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Are we at the edge of fast?

Has OSU bumped up against what it can do on offense?



Last year about this time I wrote a lengthy piece showing how OSU’s snap speed had progressed over the years since Gundy took over. This year I wondered, despite the deficiencies in maturity on offense (seemingly a quality you’d need for going fast), whether or not OSU would continue to aim for more.

I even implored John Helsley to ask the question at OSU’s media day on Saturday.

I’m pretty sure he (or somebody) did because Kyle Fredrickson wrote about it here and there seems to be a bit of confusion among the team about what the goal is.

On one hand you have some veteran offense guys saying things like this.

Offensive lineman Brandon Garrett: “Fast is our game and that’s how we win.”

Wide receiver Jhajuan Seales: “With all the talent and speed that we’ve got, it’s going to be much faster this year.”

But then you have younger guys and, ahem, the head ball coach saying stuff like this.

Gundy: “We want to play as fast as possible, but we also don’t want to extend ourselves out there and make ourselves vulnerable if we’re not capable of playing as we really need to.”

Ra’Shaad Samples: “We’re going to go at the pace we need to go to win games.”


I wanted to look at what Seales was talking about, though. Just how fast was OSU going last year compared to other years and how much faster is this offense capable of going?

The numbers I’m about to throw at you are simply this: total time of possession on offense divided by total plays. Passing teams are sometimes helped by this because the play clock stops for them on incompletions…though if you’re throwing that many incomplete passes, you likely have bigger issues.

The reason these numbers might seem inflated is because a team holds the ball for a while when it punts, has turnovers, and commits penalties. I didn’t include these as offensive “plays” because, well, those are all things that slow an offense down and I don’t feel like they should be added to artificially enhance these numbers.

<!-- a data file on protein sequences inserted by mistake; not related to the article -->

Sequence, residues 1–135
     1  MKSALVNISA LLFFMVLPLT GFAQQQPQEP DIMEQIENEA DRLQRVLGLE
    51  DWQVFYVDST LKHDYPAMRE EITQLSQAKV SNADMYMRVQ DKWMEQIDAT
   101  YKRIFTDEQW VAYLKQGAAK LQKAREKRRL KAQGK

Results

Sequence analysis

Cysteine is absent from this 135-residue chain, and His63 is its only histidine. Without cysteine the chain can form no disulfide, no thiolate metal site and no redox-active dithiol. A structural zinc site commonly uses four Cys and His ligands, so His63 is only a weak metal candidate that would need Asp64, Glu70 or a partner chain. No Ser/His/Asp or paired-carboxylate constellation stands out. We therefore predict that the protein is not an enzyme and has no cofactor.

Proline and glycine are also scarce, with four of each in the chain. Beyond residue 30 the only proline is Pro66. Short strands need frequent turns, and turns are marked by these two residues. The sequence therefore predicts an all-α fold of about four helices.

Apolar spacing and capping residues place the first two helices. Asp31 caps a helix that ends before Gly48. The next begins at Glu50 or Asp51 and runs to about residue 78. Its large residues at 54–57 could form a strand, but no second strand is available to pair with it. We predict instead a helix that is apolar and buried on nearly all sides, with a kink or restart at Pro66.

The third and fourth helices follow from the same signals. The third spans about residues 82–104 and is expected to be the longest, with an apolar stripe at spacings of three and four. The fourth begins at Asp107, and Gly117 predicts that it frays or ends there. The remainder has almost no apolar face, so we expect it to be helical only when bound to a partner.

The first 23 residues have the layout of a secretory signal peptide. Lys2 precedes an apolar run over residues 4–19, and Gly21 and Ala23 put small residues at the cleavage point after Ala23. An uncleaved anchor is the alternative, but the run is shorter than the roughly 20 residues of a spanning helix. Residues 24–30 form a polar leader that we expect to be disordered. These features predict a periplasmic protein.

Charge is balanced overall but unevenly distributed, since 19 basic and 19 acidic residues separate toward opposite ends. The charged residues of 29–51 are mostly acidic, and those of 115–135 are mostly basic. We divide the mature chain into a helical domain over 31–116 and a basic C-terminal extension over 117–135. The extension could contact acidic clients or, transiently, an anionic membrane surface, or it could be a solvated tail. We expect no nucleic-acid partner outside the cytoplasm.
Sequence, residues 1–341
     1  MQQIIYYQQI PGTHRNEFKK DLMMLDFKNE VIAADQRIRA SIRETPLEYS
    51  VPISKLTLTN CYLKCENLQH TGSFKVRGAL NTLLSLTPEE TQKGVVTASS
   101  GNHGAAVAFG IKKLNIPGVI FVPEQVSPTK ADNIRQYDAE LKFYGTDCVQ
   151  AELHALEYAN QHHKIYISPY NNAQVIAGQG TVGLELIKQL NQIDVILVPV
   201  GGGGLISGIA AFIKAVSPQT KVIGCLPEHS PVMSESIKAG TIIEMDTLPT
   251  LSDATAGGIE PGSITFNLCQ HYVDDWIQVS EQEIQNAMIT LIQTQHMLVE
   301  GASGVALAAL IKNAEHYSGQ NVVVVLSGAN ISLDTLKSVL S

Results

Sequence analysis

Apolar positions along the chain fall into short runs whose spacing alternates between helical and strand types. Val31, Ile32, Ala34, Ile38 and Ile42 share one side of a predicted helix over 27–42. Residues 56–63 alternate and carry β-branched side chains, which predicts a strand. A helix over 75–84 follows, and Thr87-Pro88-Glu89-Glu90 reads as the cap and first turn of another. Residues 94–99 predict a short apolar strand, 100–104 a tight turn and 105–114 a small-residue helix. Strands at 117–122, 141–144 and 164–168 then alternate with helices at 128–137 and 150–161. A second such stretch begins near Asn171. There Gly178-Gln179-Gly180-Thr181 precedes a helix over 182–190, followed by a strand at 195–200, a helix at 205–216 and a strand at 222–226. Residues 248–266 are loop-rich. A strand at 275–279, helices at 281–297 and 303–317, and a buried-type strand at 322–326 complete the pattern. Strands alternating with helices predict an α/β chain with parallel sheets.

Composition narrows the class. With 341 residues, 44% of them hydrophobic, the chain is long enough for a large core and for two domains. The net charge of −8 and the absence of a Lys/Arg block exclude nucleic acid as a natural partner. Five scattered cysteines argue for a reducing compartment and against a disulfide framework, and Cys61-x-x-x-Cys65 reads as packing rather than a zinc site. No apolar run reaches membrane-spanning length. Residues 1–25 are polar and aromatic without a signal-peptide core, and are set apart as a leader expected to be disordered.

Total time/total plays

2005: 24 seconds per play
2006: 26 seconds per play
2007: 23 seconds per play
2008: 26 seconds per play
2009: 28 seconds per play
2010: 22 seconds per play
2011: 20 seconds per play
2012: 21 seconds per play
2013: 21 seconds per play

So it would seem as if OSU has sort of hit a wall in terms of speed on offense. Will a team every know the book better than that 2011 team with Weeden and Blackmon? Doubtful, and even if they do I’m not sure anyone will ever be as efficient as Weeden was in running that offense.

I was actually pleasantly surprised to see last year’s mark so low with the QB merry-go-round and Legoman at the helm. Under 22 seconds isn’t a joke — only 60 teams have done it since 2007 (out of 849) including OSU in each of the last three years.

Speaking of, here are the 10 fastest teams in that span.

10 fastest teams

2012 Houston 18.15
2012 Marshall 18.74
2012 Louisiana Tech 19.13
2012 Arizona 19.38
2013 BYU 19.44
2013 Texas Tech 19.53
2009 Houston 19.56
2013 Wyoming 19.56
2013 Baylor 19.80

Baylor was so impressive last season. You know what’s even more impressive, though? Baylor ran a play every 17.5 seconds against OSU in Stillwater and OSU was deep enough (and opportunistic enough) to crush them.

This year, though. This year will be different.

It might actually work to OSU’s disadvantage to go as fast as humanly possible. I’m not sure that’s a rhythm you want to put JW Patton in and with the lack of depth on defense I’m not sure you want to be giving Baylor and OU (not to mention FSU) 90 plays a game.

Gundy always seems to press the right buttons, though, and this is something I’ll be taking a look at as the year wears on.

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